For several students, the most intensive assignment was to become competent in “Maptitude,” the mapping software used for redistricting. The mapping team met with students who had researched the existing congressional districts and discussed their conclusions as to where district lines should and should not be drawn in order to preserve the state’s diverse communities of interest. The software enabled drawing variations on the existing districts to aid in future discussions with the entire Rutgers redistricting team.
In early December, some students met in between studying for exams to focus Dean Farmer’s thinking in his discussions with the Republican and Democratic commissioners and their staffs. Later in the month during the final week-long negotiation session at New Brunswick’s Heldrich Hotel, students reviewed the demographic and political data provided by each party and used the mapping software to analyze and critique maps developed by the partisan teams in order to ensure they were in compliance with the redistricting principles the courts have applied in voting cases.
|Participating Rutgers–Newark & Rutgers–Camden Students|
|Joseph Bock||Alexandra James|
|Craig Bronsnick||Nicholas Jensen|
|John Burzynski||Nicole Johnson|
|Isabel Chou||Ernest King|
|Timothy D’Arduini||Eugene Kirman|
|Michael Edelman (Camden)||Christopher Martin|
|Kevin Fitzpatrick||Henal Patel|
|Andrew Gimigliano||Brian Quigley (Camden)|
|Mark Heinzelmann||Michael Scarduzio (Camden)|
|Benjamin Hochberg||James Woodson|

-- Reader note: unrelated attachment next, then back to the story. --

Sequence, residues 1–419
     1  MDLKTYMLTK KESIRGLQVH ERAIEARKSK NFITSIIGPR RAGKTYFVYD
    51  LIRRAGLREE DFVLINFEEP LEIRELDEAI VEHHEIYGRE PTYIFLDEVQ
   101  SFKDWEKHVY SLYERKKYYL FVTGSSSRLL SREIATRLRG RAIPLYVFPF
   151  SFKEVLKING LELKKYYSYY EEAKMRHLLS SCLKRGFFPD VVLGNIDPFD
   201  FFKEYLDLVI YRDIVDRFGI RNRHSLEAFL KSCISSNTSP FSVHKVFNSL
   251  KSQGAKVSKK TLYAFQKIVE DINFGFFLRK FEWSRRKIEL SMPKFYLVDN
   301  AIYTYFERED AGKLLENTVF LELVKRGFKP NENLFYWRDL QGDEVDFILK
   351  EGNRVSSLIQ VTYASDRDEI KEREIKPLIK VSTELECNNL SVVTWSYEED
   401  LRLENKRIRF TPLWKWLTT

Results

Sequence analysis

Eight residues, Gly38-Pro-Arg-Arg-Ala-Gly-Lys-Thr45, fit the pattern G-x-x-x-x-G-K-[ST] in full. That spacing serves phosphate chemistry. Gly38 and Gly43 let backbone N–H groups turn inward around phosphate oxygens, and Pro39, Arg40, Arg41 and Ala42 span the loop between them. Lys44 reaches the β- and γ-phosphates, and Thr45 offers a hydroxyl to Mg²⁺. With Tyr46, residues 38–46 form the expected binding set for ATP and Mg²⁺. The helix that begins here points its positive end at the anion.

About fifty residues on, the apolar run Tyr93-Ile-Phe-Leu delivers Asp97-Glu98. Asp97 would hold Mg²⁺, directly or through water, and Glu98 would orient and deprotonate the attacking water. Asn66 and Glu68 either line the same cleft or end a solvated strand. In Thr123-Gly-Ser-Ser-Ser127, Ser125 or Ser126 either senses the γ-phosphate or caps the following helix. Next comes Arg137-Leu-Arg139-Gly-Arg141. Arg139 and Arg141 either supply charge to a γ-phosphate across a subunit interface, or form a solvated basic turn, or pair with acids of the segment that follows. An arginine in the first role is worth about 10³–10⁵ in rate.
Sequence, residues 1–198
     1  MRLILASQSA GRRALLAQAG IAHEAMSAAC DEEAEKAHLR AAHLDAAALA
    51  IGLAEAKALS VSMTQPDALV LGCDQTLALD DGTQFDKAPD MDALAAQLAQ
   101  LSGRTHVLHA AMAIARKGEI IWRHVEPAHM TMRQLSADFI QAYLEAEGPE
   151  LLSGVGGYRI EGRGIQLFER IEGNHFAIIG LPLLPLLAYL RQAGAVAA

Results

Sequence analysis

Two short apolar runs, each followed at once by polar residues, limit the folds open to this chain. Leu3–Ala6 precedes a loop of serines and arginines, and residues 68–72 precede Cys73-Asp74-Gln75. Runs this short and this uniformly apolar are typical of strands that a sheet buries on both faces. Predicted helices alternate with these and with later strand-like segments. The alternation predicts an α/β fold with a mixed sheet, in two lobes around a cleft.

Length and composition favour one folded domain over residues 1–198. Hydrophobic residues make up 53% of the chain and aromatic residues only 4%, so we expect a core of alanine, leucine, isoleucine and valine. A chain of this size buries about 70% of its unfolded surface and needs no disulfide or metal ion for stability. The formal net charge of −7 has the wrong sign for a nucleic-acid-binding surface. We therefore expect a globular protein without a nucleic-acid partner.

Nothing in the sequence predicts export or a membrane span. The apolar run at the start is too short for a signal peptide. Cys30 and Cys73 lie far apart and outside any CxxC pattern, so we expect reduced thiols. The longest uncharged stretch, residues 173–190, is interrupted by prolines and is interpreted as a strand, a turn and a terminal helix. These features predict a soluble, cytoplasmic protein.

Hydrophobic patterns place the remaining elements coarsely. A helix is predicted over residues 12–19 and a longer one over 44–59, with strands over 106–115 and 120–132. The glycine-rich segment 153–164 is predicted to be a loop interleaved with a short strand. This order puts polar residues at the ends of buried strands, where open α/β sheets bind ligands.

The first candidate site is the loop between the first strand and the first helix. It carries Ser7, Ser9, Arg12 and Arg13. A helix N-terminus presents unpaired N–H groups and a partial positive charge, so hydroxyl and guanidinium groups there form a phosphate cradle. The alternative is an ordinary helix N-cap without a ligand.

One student found that his research of the Ninth Congressional District and the surrounding areas in northern New Jersey proved very helpful in understanding “what came to be seen as inevitable by the middle of the final week: the elimination of a northern New Jersey district because of the slower population growth in this area of the state.”
On December 23, with Dean Farmer casting the tie-breaking vote, the Redistricting Commission adopted a new map, more than three weeks before the official deadline. Wrapping up the official process, Dean Farmer said: “I personally have been greatly assisted by counsel provided by 20 law students from Rutgers in Newark and Camden, under the supervision of former Public Advocate, current Vice Dean Ron Chen. I cannot thank them enough.”
Rutgers law students had enjoyed the rare experience of researching and applying redistricting law, of discussing the legal issues with some of New Jersey’s most powerful elected officials and political players, and of witnessing the negotiating and compromising that occur in such a politically important event. Finally, after months of work and the nail-biting of the final week, they were free to enjoy their winter break.
As one student characterized the project: “Overall, it was a great learning experience and just one more example of the opportunities that Rutgers–Newark School of Law provides for law students interested to the gateway where law, policy, and politics meet in New Jersey.”